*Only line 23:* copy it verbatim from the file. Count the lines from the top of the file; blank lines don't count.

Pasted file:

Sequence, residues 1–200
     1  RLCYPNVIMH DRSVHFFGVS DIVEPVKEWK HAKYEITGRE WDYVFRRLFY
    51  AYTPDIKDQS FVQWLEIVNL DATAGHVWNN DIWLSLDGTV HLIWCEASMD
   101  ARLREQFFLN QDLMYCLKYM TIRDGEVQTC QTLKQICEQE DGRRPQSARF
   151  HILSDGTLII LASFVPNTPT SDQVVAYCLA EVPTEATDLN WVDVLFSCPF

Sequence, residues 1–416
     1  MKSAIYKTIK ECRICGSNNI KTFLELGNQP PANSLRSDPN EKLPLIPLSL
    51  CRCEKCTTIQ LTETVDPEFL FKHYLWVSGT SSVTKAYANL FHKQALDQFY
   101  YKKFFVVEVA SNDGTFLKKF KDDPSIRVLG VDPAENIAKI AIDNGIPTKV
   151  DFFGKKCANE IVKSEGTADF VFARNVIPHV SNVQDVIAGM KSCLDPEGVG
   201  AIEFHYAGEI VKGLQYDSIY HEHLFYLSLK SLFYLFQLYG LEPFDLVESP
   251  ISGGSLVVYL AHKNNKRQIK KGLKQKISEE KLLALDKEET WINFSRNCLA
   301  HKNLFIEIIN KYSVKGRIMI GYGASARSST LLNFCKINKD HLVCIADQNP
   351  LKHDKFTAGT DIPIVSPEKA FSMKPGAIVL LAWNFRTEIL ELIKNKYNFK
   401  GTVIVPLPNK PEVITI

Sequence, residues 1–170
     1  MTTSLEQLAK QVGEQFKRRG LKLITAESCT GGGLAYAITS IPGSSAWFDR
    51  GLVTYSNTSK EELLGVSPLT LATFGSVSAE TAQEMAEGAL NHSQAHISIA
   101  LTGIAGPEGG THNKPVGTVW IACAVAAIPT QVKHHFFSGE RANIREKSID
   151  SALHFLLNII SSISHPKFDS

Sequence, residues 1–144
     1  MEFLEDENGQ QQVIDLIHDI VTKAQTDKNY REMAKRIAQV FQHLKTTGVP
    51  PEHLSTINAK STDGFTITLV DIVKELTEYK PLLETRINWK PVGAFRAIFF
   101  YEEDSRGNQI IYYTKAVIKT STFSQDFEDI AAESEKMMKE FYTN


    51  PEHLSTINAK STDGFTITLV DIVKELTEYK PLLETRINWK PVGAFRAIFF